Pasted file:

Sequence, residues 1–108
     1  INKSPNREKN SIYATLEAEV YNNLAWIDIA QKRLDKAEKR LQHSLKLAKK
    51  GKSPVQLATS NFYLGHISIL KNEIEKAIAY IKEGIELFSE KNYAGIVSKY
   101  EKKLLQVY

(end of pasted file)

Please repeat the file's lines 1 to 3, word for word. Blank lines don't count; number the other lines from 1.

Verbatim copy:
Sequence, residues 1–108
     1  INKSPNREKN SIYATLEAEV YNNLAWIDIA QKRLDKAEKR LQHSLKLAKK
    51  GKSPVQLATS NFYLGHISIL KNEIEKAIAY IKEGIELFSE KNYAGIVSKY